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6 Secrets of Early Retirees


There are some people who want to work well into their 70s. Then, there are the rest of us.  Those of us who can’t wait to get rid of the boss lady, hit the golf course and just plain chill out for a few decades  – maybe with a smattering of part-time or volunteer work and some new hobbies thrown in. If you’re in this camp, a new study reveals how you can make it happen.

The Transamerica Center for Retirement Studies released a study showing what those who realistically plan to retire before age 65 are doing to reach their goals. “These aren’t trust fund babies,” says Catherine Collinson, president of the center. “These are everyday people with extraordinary habits.”

Below are the defining success factors of these soon-to-be “early retirees.”  They are more likely than the average person to:

  1. Save for retirement outside of just their workplace plan: 69% of early retirees do this vs. 60% of those who plan to retire after 65 and 49% of those who say they’ll never retire.
  2. Defer a high percentage of their salary into a retirement plan: Early retirees defer a median of 10% vs. 6% for those who plan to retire after 65 or don’t plan to retire.
  3. Start saving at a younger age: The median age early retirees begin saving is 25 vs. 30 for those who will retire after 65 and 31 for those who never plan to retire.
  4. Have a thought-out retirement savings strategy: 71% of early retirees have either a written plan (16%) or a non-written plan (55%), while just over half of those who plan to retire after 65 do and just one-third of those who will never retire do.
  5. Be very involved in managing and monitoring their retirement accounts: 71% of early retirees say they are very involved vs. 58% of those who will retire after 65 and just 45% of those who say they will never retire.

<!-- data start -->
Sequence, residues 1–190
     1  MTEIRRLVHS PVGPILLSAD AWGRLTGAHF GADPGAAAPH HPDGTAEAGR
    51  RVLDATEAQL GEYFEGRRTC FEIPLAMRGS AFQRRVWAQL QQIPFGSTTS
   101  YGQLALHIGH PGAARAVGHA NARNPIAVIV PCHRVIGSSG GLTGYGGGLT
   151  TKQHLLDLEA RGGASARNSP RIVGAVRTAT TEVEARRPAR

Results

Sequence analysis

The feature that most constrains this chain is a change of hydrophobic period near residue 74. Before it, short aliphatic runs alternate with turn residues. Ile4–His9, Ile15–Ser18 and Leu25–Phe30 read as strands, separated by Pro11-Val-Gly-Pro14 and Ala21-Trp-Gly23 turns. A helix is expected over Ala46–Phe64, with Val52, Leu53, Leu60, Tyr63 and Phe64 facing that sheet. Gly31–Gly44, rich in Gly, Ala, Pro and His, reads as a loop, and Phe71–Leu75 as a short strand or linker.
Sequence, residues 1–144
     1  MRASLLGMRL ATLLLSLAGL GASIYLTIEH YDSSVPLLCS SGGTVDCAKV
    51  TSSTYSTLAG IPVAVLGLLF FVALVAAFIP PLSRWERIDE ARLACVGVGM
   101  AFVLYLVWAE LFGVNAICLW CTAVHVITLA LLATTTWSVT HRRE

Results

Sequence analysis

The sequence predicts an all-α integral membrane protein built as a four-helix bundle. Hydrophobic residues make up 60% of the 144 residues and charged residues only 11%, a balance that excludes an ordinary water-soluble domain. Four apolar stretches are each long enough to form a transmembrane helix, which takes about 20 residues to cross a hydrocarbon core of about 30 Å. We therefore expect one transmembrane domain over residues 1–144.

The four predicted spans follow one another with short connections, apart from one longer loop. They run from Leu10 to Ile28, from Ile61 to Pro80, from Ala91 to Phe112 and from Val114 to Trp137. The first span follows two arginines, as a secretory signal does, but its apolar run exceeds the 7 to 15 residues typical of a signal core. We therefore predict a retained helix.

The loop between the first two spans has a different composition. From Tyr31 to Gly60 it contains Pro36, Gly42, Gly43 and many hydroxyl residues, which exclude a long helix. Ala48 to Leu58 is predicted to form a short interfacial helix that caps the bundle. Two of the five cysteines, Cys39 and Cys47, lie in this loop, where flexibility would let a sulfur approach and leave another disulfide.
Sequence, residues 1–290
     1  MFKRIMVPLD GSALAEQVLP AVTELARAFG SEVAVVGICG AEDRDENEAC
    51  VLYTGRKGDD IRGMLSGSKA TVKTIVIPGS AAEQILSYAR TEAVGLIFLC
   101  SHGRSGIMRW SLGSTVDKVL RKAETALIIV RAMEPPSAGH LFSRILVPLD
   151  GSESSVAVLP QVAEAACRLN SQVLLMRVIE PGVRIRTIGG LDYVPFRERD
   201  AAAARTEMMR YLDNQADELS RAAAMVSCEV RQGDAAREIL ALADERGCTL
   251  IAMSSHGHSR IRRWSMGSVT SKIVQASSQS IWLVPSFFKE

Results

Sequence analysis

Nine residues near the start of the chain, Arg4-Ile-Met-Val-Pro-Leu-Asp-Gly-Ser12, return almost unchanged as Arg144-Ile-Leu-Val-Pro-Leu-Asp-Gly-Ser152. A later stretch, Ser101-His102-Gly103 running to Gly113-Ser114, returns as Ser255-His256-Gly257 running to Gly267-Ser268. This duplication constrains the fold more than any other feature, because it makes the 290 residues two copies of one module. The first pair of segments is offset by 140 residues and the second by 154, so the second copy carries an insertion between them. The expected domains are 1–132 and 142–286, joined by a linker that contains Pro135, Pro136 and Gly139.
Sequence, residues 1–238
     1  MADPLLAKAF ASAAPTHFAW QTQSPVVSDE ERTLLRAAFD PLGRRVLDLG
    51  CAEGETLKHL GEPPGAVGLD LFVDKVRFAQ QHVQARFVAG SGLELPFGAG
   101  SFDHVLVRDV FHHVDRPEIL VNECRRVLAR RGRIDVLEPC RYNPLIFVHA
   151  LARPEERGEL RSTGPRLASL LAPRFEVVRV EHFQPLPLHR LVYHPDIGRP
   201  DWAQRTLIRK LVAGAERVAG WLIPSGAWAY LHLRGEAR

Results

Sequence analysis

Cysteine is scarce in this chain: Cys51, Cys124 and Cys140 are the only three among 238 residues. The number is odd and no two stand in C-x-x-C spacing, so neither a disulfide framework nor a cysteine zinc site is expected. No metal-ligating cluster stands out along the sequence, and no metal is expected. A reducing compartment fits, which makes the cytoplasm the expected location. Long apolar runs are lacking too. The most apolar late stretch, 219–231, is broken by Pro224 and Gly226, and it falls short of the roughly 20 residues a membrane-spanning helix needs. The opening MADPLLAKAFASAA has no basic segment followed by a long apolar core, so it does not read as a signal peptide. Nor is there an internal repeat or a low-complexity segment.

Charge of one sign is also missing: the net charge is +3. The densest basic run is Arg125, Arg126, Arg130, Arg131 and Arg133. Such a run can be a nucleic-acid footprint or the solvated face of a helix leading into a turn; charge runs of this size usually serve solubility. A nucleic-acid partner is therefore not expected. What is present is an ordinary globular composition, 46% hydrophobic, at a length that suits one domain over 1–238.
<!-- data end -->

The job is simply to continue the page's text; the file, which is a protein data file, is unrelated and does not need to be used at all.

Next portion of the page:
6. Have saved the same amount or more since the recession began: 71% of early retirees are doing this compared to 61% of those who will retire after 65 and just over half of those who never plan to retire.

For more: The SmartMoney Retirement Planner


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    • I think the most important decision to retire early is to not have kids. You make more, and spend less.

    • My wife and I expect to retire in about 7 or 8 years, when we are around 57 years old. We do most of the points in the article. In addition, managing/avoiding debt has been a large reason for us. Not having consumer debt payments means being able to fork over larger percentages to our retirement plans. Living below your means and not buying the latest/greatest consumer goods keeps us out of debt for one thing.

    • Having retired this summer at 48, I can agree wholeheartedly with these findings. I became interested in money early on, and moved my passbook savings account to a money market fund when I was 17. That was also about the interest rate I was getting on that money market at the time! That little experience got me hooked. For the past several years, I deferred 20% of my salary to my 401k, split 50/50 between Roth and traditional 401k.
      My wife and I both also funded IRAs to the max allowed each year, and accumulated money in taxable accounts as well.
      I’ve never made the big bucks, but I ALWAYS lived below my means.
      That doesn’t have to mean big sacrifices though. We lived in decent houses, drove decent cars, had a computer or 2, TVs, cell phones, etc. We took vacations of some kind almost every year, and now have taken 2 vacations each year for the last 5 or so. Decide what you REALLY want in life, then make a plan to get it!

About Encore

  • Encore examines the changing nature of retirement, from new rules and guidelines for financial security to the shifting identities and priorities of today’s retirees. The blog also explores news that affects retirement, from the Wall Street Journal Digital Network and around the web. Lead bloggers are reporter Catey Hill and senior editor Jeremy Olshan. Other contributors include The Wall Street Journal’s retirement columnists Glenn Ruffenach and Anne Tergesen; the Director for the Center for Retirement Research at Boston College, Alicia Munnell; and the Director of Research for Pinnacle Advisory Group, Michael Kitces, CFP.